Airflow measurement and fuel scheduling in the Ellison Throttle Body Injector (TBI) are
accomplished by sensing both the direction and velocity of air flowing past the metering
tube. This means that engine performance can be adversely affected by air which
enters the TBI inlet with substantial directional bias. Such directional bias can be
caused by any inlet configuration which forces induction air to undergo a sharp turn as it
enters the TBI inlet. Subtle roughness at wide open throttle is the result of such
an inlet airflow condition. When replacing the Marvel Schebler carburetor with the
Ellison TBI, it is sometimes necessary to re-design the air inlet box to encourage smooth
In general, the efficiency of the induction air inlet can be judged by engine
smoothness at full throttle and the extent to which the engine can be leaned at cruise
power. An inlet with good flow characteristics will allow an engine equipped with a fixed
pitch propeller to run smoothly with the mixture leaned 200 RPM below peak power when
operating at or below 75% power. An engine equipped with a constant speed propeller should
demonstrate smooth operation when leaned to peak exhaust gas temperature while operating
at or below 75% power.
Severe engine damage can result from
operation above 75% power with an excessively lean mixture. At a pressure altitude of 7000
feet, the engine produces only about 75% power at full throttle and can tolerate leaner
mixtures. Consult the engine manufacturer's operating manual for proper leaning procedures
for fuel injected engines.
Good Inlet Configurations
Fig. 6-1 through 6-3, illustrate good inlet
configurations. These promote excellent cylinder to cylinder fuel distribution because air
enters the Throttle Body Injector inlet uniformly from 360 degrees around the inlet
Good Inlet Designs
Inlet Configurations to be Avoided
Inlet configurations such as shown in Fig. 6-4 and
6-5, require intake air to undergo a sharp 90 degree bend while entering the Throttle
Body Injector, causing some of the metered fuel to be deflected against the throat wall.
Full throttle operation will be rough due to poor fuel distribution, and the engine will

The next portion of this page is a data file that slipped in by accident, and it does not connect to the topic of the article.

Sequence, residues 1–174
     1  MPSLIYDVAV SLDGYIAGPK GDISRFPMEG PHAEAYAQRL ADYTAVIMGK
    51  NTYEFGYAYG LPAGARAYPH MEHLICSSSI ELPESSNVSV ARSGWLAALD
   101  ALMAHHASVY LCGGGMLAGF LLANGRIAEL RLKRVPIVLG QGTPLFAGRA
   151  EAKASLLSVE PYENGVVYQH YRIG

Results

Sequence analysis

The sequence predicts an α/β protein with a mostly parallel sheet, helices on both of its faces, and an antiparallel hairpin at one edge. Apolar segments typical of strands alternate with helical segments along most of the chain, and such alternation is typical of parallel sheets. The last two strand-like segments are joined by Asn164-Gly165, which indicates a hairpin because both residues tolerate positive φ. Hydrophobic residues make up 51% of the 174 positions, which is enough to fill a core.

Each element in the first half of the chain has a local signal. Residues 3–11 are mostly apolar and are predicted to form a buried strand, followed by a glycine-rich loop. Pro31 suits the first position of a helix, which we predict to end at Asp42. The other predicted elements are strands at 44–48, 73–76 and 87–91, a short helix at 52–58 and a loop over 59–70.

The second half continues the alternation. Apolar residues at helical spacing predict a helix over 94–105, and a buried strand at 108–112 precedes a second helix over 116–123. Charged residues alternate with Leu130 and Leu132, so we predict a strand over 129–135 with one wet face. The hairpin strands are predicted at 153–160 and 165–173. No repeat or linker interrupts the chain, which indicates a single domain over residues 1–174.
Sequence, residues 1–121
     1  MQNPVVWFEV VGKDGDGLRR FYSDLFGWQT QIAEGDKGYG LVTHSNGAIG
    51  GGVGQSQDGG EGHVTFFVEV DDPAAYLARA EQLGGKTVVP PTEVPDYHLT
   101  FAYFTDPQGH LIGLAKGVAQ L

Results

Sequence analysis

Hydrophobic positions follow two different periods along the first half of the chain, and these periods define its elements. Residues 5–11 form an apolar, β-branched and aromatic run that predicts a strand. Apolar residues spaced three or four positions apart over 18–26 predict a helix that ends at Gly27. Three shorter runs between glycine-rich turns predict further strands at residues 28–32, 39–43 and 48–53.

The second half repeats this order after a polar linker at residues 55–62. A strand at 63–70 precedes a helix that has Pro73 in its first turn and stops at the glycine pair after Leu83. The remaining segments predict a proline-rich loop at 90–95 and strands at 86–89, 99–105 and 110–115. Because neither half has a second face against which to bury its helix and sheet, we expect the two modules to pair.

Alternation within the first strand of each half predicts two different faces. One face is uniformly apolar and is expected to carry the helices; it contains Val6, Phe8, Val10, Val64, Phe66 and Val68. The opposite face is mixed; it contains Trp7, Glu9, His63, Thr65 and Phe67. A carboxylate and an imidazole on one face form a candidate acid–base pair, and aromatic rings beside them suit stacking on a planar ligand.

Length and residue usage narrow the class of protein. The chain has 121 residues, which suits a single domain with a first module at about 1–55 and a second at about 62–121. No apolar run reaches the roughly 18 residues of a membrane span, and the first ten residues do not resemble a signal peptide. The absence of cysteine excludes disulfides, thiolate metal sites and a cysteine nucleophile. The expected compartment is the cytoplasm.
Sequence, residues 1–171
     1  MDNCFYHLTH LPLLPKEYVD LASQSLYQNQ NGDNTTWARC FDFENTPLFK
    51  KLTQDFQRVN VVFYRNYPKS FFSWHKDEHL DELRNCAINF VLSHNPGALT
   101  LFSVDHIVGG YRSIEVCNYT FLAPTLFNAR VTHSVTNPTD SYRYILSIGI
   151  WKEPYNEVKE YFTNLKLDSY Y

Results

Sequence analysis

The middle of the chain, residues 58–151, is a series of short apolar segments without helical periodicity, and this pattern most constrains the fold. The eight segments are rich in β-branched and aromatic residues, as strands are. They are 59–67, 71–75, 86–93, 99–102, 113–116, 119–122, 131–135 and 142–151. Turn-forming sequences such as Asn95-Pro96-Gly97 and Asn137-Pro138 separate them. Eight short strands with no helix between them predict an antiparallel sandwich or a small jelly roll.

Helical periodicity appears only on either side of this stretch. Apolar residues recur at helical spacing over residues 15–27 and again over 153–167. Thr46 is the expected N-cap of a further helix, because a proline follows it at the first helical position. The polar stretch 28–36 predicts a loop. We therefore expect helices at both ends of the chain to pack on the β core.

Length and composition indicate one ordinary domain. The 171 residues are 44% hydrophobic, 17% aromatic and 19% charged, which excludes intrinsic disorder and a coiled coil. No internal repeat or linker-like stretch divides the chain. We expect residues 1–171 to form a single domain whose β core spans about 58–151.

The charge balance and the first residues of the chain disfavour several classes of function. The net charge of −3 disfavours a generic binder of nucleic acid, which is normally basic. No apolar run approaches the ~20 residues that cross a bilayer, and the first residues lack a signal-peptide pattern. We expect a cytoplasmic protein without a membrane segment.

have little tolerance for operation on lean mixtures at cruise power settings.
Bad Inlet Designs
Some configurations which do allow 360 degree air delivery like the one shown in
Fig. 6-6, will experience problems at full throttle
due to the short vertical distance between the Throttle Body injector and the opposite air
filter flange. This configuration promotes the formation of a standing vortex in the inlet
bell mouth, reducing the airflow capacity of the Throttle Body Injector with resulting
full throttle roughness and loss of power.
Improving The Performance of 90 Degree Inlets
The performance of engines with bending inlet flowpaths can be improved by increasing
the bend radius or by providing a straight section of duct between the Throttle Body
Injector and the bend. Alternatively, a 90 degree change in airflow direction can be
accommodated by feeding the Throttle Body Injector from a relatively large volume plenum
chamber as shown in Fig. 6-7. Dimensions
shown in this illustration should be considered minimum. Increasing any of the dimensions
will result in improved fuel distribution.
Large Volume Plenum Chamber
If a Throttle Body Injector is to be installed with existing intake ducting, then
ground tests should be conducted to determine whether any performance deficiencies exist.
If any adverse symptoms are noted then the information contained herein should be used as
the basis for designing a new inlet configuration.
Optional Flow Grid
In some installations with confined spaces or poorly configured inlet airbox
arrangements, and where unstable operation is encountered at higher power
settings, it may be possible to correct these problems with the addition of an
airflow straightening grid. These may be obtained from Aircraft Spruce and
Specialty, see http://www.aircraftspruce.com/catalog/eppages/carburetorheatbox.php.